Agriculture Secretary Sonny Perdue announced the final GMO labeling rule on Thursday, which governs the mandatory labeling of foods which are genetically modified, pursuant to legislation signed by President Obama in 2016.
The rule calls GMO foods "bioengineered." USDA defined these foods in a statement as "those that contain detectable genetic material that has been modified through certain lab techniques and cannot be created through conventional breeding or found in nature." According to the law, their presence must be disclosed on packaging through text, symbol, electronic or digital link and/or text message. Options such as a phone number or web address are available to small food manufacturers, or for small and very small packages.
The standard was required by the National Bioengineered Food Disclosure Law passed by Congress in 2016. The implementation date for most manufacturers is Jan. 1, 2020, except for small ones, which have until Jan. 1, 2021. The mandatory compliance date is Jan. 1, 2022, and regulated entities — food makers, importers and certain retailers who label food for retail sale — may voluntarily comply with the standard until Dec. 31, 2021, the agency said. The final rule will be published Dec. 21 in the Federal Register.
There has been much criticism — and some legal action — over the USDA's delay in issuing these final guidelines, which were supposed to be set by July 29. As a result, the Center for Food Safety and the Center for Environmental Health sued the agency, asking a federal court in California to find it in violation of the law and order it to comply with the timeline.
According to a senior policy analyst for the USDA's Agricultural Marketing Service, the agency was a bit behind as of last June but still on track to get it done. The AMS is responsible for defining the products to which the labels will apply, the proportion of genetically modified ingredients that require a label, and what the labels will look like.
Now that the USDA has finally issued the standard, there is still criticism about how it has proceeded and whether the result has adequately responded to customer demands for transparency about the presence of GMO ingredients in food.
Scott Faber, senior vice-president of government affairs for the Environmental Working Group, said in a release the final rule "will allow the genetically engineered ingredients in many foods to remain hidden from consumers" because it doesn't include all genetically engineered foods and doesn't use terms that consumers understand.
"A fair standard should address the needs of consumers who don’t have expensive phones or who live in rural places with poor cell service but the rule put forward today simply fails to do that," Faber said in the release. "At a time when consumers are asking more and more questions about the use of genetic engineering, today’s rule will further undermine the technology by sowing greater confusion among Americans who simply want the right to know if their food is genetically modified — the same right held by consumers in 64 other countries."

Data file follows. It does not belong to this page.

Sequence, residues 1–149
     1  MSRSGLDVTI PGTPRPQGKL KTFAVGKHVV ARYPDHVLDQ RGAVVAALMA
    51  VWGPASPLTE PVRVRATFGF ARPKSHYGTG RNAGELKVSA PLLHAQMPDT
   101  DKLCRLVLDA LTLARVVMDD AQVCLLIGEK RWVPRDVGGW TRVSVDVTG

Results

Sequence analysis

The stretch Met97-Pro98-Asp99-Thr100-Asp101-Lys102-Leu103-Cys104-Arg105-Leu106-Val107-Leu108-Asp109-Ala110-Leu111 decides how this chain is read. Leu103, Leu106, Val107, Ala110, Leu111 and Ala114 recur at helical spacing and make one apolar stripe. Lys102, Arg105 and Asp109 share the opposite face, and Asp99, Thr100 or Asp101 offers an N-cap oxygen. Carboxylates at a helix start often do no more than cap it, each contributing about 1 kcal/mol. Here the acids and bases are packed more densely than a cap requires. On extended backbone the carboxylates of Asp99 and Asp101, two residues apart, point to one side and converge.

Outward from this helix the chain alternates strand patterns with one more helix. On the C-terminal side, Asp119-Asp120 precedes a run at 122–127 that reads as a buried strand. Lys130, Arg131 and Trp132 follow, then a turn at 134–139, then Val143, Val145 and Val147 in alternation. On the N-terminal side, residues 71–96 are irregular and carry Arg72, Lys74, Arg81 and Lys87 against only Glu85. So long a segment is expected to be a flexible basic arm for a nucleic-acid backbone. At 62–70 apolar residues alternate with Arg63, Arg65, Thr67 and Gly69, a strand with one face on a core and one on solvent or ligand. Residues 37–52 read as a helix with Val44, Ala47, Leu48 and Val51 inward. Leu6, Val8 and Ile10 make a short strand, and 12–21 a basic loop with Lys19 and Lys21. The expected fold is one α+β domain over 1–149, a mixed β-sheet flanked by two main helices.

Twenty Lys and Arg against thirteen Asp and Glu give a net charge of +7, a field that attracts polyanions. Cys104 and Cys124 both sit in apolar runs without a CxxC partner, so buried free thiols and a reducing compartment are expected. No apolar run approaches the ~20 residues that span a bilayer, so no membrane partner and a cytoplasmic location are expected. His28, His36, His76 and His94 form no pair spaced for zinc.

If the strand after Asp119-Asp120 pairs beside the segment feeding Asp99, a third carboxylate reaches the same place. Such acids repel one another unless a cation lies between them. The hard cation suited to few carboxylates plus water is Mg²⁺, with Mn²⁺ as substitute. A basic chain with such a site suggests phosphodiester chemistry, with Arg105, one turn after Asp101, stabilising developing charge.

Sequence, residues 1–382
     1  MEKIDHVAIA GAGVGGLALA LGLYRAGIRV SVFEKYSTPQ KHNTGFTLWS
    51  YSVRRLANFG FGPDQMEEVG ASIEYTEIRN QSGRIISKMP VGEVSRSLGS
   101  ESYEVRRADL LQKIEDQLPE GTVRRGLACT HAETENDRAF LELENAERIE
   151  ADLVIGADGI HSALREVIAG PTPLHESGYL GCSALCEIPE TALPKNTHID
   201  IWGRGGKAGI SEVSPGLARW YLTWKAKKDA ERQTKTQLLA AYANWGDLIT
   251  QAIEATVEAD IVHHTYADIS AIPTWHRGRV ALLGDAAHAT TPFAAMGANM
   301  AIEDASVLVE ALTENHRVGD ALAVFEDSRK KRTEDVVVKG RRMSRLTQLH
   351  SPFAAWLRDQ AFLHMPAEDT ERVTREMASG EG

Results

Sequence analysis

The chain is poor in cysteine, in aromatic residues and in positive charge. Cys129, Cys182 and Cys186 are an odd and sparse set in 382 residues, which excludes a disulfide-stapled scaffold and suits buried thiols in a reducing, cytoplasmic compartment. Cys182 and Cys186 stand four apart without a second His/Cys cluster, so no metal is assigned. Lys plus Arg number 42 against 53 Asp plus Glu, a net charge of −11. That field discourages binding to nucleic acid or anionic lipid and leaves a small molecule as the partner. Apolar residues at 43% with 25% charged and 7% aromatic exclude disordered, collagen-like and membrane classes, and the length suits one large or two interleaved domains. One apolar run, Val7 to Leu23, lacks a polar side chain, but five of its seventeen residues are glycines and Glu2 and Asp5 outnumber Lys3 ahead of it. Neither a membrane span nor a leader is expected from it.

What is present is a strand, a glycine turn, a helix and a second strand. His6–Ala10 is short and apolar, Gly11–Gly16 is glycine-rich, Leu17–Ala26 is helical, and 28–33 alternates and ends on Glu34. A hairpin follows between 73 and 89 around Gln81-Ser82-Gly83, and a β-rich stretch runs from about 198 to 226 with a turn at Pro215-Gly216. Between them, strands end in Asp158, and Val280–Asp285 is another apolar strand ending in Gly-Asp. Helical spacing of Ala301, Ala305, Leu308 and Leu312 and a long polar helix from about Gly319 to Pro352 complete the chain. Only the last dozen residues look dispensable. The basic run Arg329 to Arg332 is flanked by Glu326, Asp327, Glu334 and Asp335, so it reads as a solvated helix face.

EWG noted that a number of large CPG companies — including Campbell Soup, Mars, Danone, Kellogg, Coca-Cola and Unilever — will voluntarily disclose all GMOs in all their foods, not just in those required by the final rule. Others have already removed genetically modified ingredients from their products — such as Del Monte, Hormel's Applegate brand and grocery store Earth Fare's private label items — since surveys show some consumers will avoid them if possible.
There could be additional pushback since products made from 13 bioengineered crops and foods on USDA's list won't require GMO labeling. According to Food Business News, they are alfalfa, canola, corn, cotton, potato, salmon (AquAdvantage), soybean, squash, sugarbeet and certain varieties of apple, eggplant, papaya and pineapple.
In addition, the final rule says no disclosure is required for refined foods derived from bioengineered crops unless they contain detectable modified genetic material. This means refined beet sugar, soybean oil and corn sweeteners — which mainly come from bioengineered seed — won't have to labeled as bioengineered ingredients. However, testing will be required to guarantee there is no detectable material. This proposal was opposed by the Grocery Manufacturers Association and a number of large food companies including Unilever and Hershey because they thought it would lessen consumer trust and increase confusion.
The final rule establishes the disclosure symbols acceptable under the final guidelines. After considering a number of different designs, the agency decided to adopt a basic round one with different wording. One has 'BIOENGINEERED" on the top and bottom, while the other has "DERIVED FROM" on the top of the circle with "BIOENGINEERING" on the bottom. The symbols can be used in color or black and white.
Plenty of educational outreach will be required to the general public, food manufacturers and retailers following the USDA's announcement, which occurred just before Christmas week and the same day the Farm Bill was signed and Perdue pledged to strengthen work requirements for SNAP recipients — proposals that didn't make it into the final Farm Bill.
The disclosure standard will impact all consumers and a whole host of companies — and how they do business and decide where and how to source ingredients — so would benefit from as much focused attention as it can get.